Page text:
and is made to conform to the peculiar arrange-
ment necessary in this building. The walls, col-
umns, cornices, &c., are of dark Barre granite,
wrought in a superior manner: the dome and
roofs are covered with copper.

In the interior, the lower story contains an
entrance hall, rooms for the secretary of state,
treasurer, auditor, and numerous committee
rooms. The second or principal story contains
a vestibule, and stairways, a representatives'
hall, 57 by 67 feet, with a lobby, and galleries
for spectators ; a senate chamber, 30 by 44 feet,
with lobby and gallery; a governor's room, 24 by
20 feet, with an anteroom, and a room for his sec-
retary adjoining; a library room, 18 by 36 feet;
rooms for the several officers of the Senate and
House of Representatives, and several committee
rooms. The cost of this building, including all
expenses, was about $132,100; of which the in-
habitants of Montpelier paid $15,000.

Montville, Ct., New London co. On the W.
side of the Thames. 35 miles S. E. from Hart-
ford, and 8 N. from New London. Here is a res-
ervation of 2700 acres for the use of the Mohegan
Indians, and a few descendants of that tribe
still dwell upon it.

Montville, Me., Waldo co. A fine township on
the head branches of Sheepseot River. 26
miles E. N. E. from Augusta.

Montville, N, J., Morris co. In a deep valley,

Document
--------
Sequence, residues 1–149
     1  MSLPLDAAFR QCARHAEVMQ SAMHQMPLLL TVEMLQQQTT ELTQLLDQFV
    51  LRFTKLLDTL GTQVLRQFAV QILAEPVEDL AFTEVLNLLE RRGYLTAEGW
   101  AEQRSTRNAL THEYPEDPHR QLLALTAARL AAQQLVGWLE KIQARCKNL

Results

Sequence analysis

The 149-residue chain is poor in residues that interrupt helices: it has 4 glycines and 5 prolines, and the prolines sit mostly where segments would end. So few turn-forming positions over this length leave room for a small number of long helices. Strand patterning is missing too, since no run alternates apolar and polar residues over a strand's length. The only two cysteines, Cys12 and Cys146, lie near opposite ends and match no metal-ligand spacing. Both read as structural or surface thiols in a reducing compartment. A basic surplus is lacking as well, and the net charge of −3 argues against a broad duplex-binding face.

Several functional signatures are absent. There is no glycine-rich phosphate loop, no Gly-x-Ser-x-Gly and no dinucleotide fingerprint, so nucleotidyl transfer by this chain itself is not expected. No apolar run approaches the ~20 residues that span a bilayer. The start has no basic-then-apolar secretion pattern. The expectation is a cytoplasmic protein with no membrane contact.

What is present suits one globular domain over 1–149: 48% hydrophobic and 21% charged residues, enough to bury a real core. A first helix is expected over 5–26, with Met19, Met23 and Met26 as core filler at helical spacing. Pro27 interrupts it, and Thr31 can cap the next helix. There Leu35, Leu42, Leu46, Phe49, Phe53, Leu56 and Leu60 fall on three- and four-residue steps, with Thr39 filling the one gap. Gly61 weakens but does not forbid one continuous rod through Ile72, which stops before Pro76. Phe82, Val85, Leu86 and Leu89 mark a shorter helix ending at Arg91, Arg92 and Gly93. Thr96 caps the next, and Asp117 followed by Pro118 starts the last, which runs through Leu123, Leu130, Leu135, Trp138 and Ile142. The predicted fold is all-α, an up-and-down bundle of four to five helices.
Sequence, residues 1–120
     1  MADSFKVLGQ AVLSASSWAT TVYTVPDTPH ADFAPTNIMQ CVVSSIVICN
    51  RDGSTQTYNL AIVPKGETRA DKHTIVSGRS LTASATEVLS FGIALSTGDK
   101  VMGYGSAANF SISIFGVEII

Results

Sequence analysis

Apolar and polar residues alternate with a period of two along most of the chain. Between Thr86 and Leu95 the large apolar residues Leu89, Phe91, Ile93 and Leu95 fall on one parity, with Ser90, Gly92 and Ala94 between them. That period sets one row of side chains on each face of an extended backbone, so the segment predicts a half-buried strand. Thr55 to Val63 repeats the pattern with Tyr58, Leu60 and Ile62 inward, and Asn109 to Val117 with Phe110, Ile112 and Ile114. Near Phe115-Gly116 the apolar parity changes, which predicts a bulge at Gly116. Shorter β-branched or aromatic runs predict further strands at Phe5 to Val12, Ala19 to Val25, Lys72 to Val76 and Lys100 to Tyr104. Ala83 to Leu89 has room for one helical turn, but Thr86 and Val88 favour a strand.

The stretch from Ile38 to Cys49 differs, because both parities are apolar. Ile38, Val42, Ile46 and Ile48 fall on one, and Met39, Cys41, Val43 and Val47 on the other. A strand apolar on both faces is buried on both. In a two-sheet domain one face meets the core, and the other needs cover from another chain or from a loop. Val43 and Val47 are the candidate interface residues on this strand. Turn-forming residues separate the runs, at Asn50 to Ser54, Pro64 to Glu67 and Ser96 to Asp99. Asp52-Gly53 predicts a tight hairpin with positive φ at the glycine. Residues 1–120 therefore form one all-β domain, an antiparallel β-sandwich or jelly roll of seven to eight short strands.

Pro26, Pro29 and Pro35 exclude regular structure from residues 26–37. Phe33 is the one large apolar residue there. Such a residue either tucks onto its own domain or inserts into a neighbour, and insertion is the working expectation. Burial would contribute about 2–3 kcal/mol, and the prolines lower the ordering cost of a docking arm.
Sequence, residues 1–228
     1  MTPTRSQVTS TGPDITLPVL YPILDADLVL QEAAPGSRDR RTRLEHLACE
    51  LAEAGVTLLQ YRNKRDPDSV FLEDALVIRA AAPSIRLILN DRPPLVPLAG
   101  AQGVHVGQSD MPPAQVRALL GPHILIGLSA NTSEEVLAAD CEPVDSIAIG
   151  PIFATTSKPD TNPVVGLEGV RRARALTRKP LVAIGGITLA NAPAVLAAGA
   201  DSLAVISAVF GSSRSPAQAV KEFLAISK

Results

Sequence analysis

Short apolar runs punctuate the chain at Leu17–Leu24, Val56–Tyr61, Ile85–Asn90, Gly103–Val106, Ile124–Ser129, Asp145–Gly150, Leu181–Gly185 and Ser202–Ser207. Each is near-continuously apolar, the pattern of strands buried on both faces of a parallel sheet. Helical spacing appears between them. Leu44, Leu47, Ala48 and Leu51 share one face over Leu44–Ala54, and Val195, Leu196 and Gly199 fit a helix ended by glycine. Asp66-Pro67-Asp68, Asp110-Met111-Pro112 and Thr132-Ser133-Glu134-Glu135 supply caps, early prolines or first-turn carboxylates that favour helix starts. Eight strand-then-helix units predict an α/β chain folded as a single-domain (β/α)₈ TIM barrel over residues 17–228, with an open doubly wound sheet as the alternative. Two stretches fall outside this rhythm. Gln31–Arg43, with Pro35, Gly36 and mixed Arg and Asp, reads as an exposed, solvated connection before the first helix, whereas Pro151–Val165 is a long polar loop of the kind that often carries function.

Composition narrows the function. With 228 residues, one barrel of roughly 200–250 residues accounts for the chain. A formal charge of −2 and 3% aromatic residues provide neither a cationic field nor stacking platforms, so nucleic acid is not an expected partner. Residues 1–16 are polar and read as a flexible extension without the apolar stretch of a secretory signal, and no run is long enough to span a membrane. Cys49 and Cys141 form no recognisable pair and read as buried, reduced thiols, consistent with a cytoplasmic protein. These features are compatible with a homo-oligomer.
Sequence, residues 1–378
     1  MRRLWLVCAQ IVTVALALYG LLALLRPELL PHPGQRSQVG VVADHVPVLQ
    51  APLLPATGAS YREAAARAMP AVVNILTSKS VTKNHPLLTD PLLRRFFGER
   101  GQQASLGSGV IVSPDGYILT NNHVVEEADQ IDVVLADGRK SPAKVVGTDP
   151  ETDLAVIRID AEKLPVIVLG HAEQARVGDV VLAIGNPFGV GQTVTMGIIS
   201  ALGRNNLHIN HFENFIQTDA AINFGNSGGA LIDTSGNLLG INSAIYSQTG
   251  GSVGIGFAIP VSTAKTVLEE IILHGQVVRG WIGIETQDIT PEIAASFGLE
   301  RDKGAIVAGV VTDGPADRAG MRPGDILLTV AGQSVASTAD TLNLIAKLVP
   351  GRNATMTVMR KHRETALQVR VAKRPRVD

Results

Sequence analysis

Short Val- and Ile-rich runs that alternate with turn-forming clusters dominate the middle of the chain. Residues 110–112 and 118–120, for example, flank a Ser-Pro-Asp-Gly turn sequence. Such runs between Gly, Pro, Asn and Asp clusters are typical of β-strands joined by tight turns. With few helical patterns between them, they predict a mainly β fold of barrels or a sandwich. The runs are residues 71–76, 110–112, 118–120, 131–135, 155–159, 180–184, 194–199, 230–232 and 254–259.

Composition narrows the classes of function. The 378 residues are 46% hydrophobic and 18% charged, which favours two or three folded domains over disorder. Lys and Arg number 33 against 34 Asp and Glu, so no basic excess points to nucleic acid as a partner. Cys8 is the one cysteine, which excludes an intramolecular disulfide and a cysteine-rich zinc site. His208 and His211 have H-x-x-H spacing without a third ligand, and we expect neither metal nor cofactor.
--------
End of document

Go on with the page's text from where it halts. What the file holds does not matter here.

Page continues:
67 miles N. by E. from Trenton. The Morris
Canal passes through this valley by two inclined

Mooers, N. Y., Clinton co. Bounded on the N.
by Canada, and is watered by Chazy and English
Rivers. The surface is hilly, being traversed by
the Chateaugay range; the soil various. 18
miles N. from Plattsburg, and 182 N. from Albany.

Moore County, N. C., c. h. at Carthage. Bound-
ed N. by Randolph and Chatham counties, E. and
S. by Cumberland and Richmond, and W. by
Montgomery co. Watered by Deep and Haw,
and the head branches of Lumber River. Soil
mostly fertile on the borders of the streams.

Moore, Pa., Northampton co. Drained by the
head branches of Hockendoque and Monoldssy
Creeks. Blue Mountain lies on its N. border, in
which is the opening called Smith's Gap. Sur-
face undulating; soil gravelly.

Moorefield,, Va., c. h. Hardy co. In a rich val-
ley on the E. bank of the S. branch of Potomac
River, at the junction of the S. fork. 178 miles
N. W. from Richmond.

Moravia, N. Y., Cayuga co. Watered by a
part of Owasco Lake, and by its inlet, a fine mill
stream. The surface is somewhat hilly; the soil
very fertile in the valleys. 16 miles S. from Au-
burn, and 160 W. from Albany.

Moreau, N. Y., Saratoga co. The Hudson
River bounds this town on the N. and E. Sur-
face chiefly level; soil various. 20 miles N.
from Ballston Spa, and 48 N. from Albany.

Morehouse Parish, La., c. h. at Bastrop. In the
N. E. angle, bordering on Arkansas.

Morehouse, N. Y., Hamilton co. Watered by a
great many lakes and ponds, which are the
sources of numerous streams. The surface is
diversified, and the soil productive, although a
large part of the town is as yet a wilderness. 20
miles W. from Lake Pleasant, and 82 N. W. from

Morehouseville, N. Y., c. h. Hamilton co. Near
the S. bank of Canada Creek. 117 miles N. W.
from Albany.

A Gazetteer of the United States of America by John Hayward.

Hartford, CT: Case, Tiffany and Company. 1853. Public domain imac